• Surgical discectomy w/ fusion (no complications/with comp.) $41,363/$55,575
  • Repeat surgical procedure (often required multiple times): $28,019
  • Lost productivity (work, caregiver, housework): $59.71/hour

____________________

Surgical and lost productivity total: $69,441.71

An average acupuncture treatment costs $75/session. A conservative treatment plan would require weekly treatments for six months. Herbs cost an average of $85/month for six months.  The total cost for treatment with acupuncture and herbs for six months is approximately: $2,310.00. Most modest insurance plans have high deductibles between $2500 and $5000. Therefore, a patient must often spend between $2500 and $5000 before surgery is covered.  While acupuncture and herbal therapies are not always the correct solution for patients with low back pain, it is clear that an initial expenditure of $2,310.00 in an effort to potentially save $69,44.71 in surgical expenses makes good financial sense. The added benefit of acupuncture therapy is that complications from surgery can often be averted if acupuncture and herbal therapy is effective, which also helps reduce overall costs.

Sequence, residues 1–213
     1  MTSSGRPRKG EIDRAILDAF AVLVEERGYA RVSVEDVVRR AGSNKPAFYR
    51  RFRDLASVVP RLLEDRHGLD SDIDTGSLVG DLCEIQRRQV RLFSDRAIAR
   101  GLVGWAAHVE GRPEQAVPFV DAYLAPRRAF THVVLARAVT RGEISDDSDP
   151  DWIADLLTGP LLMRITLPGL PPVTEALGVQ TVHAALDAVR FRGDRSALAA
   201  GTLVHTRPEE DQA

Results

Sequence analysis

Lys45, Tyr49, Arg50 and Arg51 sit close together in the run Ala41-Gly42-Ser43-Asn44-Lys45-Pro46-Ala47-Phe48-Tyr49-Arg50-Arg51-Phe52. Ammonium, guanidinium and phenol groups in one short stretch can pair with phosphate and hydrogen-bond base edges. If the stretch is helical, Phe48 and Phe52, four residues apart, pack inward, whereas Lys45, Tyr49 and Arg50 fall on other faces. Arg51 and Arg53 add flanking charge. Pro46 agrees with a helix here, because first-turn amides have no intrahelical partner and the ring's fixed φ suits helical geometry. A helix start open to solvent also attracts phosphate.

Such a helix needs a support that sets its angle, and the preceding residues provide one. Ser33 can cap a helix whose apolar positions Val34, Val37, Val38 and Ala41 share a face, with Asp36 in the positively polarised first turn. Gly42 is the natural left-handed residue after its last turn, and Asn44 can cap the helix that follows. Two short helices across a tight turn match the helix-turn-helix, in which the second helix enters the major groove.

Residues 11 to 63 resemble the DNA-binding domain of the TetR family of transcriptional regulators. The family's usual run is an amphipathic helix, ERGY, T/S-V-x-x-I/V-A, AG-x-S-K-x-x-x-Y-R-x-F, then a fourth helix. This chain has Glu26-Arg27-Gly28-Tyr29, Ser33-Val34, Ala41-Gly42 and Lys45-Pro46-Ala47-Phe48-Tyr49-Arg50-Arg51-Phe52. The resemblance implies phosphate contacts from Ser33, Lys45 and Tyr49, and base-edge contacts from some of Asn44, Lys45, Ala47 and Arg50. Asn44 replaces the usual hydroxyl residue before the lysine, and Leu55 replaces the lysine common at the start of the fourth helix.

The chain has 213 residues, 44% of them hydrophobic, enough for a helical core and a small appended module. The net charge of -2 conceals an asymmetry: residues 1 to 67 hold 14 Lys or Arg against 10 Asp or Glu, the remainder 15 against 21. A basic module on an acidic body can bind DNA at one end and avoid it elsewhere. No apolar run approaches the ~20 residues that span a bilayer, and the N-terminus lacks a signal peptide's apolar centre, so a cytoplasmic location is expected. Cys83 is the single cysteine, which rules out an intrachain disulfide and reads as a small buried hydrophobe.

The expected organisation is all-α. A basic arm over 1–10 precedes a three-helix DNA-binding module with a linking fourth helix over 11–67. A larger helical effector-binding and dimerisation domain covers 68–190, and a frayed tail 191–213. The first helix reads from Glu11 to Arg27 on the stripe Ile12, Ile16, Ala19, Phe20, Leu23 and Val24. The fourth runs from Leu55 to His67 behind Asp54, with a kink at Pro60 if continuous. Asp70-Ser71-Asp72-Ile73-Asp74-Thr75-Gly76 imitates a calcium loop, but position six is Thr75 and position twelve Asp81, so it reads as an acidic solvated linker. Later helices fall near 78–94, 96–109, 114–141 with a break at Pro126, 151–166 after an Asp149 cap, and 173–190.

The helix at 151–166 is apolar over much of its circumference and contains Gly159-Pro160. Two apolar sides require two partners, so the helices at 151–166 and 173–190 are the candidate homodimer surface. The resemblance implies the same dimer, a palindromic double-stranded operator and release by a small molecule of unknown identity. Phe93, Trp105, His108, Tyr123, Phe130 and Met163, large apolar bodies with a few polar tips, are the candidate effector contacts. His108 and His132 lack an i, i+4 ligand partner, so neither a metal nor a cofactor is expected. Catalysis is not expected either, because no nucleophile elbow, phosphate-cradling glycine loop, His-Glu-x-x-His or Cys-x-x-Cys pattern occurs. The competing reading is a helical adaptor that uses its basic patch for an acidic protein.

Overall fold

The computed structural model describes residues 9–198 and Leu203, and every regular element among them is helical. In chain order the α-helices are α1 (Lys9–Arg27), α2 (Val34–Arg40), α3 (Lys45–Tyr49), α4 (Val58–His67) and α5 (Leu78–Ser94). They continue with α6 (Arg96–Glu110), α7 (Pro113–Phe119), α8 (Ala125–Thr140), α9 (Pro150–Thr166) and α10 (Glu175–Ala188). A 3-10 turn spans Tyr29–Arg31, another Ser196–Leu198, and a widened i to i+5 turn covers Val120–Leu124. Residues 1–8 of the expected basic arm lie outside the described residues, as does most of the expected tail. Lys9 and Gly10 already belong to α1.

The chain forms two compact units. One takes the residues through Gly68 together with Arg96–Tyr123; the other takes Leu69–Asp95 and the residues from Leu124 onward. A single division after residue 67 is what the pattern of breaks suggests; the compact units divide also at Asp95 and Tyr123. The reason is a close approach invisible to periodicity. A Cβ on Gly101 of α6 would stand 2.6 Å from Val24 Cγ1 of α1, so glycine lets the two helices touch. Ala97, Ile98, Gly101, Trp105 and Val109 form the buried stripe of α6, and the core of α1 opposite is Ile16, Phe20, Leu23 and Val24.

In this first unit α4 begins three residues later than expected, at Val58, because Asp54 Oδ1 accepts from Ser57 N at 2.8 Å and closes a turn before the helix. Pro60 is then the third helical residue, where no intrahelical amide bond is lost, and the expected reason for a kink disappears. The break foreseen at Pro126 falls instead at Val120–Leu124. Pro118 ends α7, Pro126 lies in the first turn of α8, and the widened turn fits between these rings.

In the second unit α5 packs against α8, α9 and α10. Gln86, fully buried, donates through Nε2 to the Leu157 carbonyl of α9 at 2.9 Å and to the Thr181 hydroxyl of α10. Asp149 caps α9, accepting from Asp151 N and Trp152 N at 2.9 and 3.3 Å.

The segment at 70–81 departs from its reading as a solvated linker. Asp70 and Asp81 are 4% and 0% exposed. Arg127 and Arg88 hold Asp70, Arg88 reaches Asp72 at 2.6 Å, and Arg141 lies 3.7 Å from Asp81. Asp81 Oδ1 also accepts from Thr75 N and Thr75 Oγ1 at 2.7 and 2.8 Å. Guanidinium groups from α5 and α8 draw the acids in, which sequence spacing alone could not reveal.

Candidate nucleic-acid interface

Acupuncture and herbal therapy is an excellent choice for the patient who wishes to save money, prevent surgical complications and is interested in a holistic approach to healing.

ABOUT THE AUTHOR:

Nathan J. Heide, M.S., L.Ac.

Mr. Heide is founder and CEO of Anjuna Medicine, LLC in Eugene, Oregon. Anjuna Medicine (www.AnjunaMedicine.com) is a private practice, focusing on integrative pain management solutions for chronic and recalcitrant diseases by using traditional East-Asian medical techniques. Mr. Heide is a graduate of Pacific College of Oriental Medicine (San Diego) and a current doctoral fellow at Oregon College of Oriental Medicine in Portland, Oregon.